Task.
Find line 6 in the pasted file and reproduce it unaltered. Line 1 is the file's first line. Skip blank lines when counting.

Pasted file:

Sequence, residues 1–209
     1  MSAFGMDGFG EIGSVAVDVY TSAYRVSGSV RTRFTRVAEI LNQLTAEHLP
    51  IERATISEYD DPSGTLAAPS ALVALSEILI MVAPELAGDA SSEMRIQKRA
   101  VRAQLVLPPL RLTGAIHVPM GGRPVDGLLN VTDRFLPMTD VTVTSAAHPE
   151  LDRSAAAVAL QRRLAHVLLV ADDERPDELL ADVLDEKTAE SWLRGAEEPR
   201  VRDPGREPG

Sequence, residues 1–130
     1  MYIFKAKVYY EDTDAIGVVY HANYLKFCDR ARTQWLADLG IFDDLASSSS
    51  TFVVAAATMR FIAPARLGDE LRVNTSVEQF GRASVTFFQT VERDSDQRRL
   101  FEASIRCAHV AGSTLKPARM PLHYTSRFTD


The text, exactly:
   201  VRDPGREPG